Anthropogenic carbon dioxide (CO2) emissions are increasing greenhouse effects and changing seawater carbonate chemistry, leading to ocean warming and acidification. Increasing temperature and decreasing seawater pH can potentially interact to cause changes in species interactions and community shifts. To understand how ocean warming and acidification may affect the early stages of an intertidal community in the Mediterranean, we set up an in situ experiment and assessed potential changes in grazer density andbiofilm composition by manipulating temperature on bare rock plots (10x10cm)in two locations along a natural coastal CO2 gradient (Low pH: 7.8 pH, and Ambient:8.1 pH) off Vulcano Island.A total of 36black and white-framed plots were positioned and randomly assigned to closed cage (exclusion), open cage (artefact) and no cage (control) treatments. ‘Robo-limpets’ revealed that black plots were on average +0.25°C warmer and the max temperature was +2°C higher than white plots. Density of limpets did not differ between pH and temperature treatments, and was significantly lower in exclusion plots. CCA% was significantly higher in Ambient than Low pH. No differences in grazing effects were recorded in all pHxT combinations. Numbers of early-stage phytobenthic taxa was higher in white than black plots. Our findings – representing the first in situ evidence after manipulations of multiple biotic and abiotic drivers of change – suggest that warming and/or acidification might affect early-stage intertidal assemblages in different ways. DNA-based analyses are underway to provide a more detailed understanding on phytobenthos composition and will help further in disentangling these effects.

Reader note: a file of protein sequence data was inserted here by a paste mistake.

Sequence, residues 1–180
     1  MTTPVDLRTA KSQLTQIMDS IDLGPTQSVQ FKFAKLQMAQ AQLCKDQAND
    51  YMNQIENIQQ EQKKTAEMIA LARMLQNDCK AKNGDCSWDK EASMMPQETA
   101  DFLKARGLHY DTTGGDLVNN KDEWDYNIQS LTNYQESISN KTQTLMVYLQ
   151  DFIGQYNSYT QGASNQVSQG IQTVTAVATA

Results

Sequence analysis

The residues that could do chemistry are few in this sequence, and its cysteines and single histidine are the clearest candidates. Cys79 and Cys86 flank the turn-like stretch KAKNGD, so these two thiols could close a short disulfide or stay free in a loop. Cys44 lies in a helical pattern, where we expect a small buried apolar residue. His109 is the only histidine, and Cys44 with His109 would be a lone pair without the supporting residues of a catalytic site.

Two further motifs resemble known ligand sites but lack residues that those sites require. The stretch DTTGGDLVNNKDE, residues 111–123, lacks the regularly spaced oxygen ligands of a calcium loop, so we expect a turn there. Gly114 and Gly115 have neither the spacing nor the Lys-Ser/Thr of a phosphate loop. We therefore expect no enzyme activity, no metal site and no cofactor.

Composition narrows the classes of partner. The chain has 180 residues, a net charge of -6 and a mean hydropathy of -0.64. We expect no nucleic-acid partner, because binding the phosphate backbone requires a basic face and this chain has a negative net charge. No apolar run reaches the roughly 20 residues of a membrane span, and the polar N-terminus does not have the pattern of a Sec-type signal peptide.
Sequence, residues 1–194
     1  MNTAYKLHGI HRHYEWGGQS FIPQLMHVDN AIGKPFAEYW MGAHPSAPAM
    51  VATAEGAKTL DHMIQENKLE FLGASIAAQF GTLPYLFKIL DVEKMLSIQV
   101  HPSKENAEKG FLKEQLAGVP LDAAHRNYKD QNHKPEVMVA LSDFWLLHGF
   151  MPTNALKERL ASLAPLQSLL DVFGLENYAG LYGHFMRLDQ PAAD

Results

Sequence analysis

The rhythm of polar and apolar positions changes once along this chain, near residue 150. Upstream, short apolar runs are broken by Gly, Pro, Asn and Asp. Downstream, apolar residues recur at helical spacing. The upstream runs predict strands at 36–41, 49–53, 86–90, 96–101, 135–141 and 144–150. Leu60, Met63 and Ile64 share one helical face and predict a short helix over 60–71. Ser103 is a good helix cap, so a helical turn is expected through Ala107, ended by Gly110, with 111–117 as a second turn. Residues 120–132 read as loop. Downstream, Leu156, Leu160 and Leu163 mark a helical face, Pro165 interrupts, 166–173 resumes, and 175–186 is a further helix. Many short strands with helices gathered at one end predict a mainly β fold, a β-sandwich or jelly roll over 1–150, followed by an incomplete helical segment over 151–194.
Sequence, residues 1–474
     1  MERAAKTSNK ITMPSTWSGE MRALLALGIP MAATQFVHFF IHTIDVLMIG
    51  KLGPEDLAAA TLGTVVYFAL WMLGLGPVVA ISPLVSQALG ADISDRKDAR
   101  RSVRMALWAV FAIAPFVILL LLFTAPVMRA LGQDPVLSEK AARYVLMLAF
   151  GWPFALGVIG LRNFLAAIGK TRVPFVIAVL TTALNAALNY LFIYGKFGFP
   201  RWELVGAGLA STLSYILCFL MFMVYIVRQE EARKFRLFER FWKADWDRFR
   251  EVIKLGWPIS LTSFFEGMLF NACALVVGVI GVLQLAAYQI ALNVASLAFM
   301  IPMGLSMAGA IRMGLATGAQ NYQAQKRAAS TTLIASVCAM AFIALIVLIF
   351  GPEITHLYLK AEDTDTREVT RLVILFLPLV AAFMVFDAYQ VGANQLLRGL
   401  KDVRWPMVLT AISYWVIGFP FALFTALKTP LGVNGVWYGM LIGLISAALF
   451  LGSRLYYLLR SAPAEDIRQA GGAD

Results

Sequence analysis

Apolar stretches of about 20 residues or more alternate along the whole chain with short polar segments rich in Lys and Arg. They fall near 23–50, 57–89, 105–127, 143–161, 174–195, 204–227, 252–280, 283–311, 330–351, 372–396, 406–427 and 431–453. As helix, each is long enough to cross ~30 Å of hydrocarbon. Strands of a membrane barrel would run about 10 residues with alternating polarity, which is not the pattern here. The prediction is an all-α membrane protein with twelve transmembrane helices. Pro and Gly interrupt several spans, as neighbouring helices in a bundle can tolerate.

|Number of pages||1|
|Publication status||Published - 2016|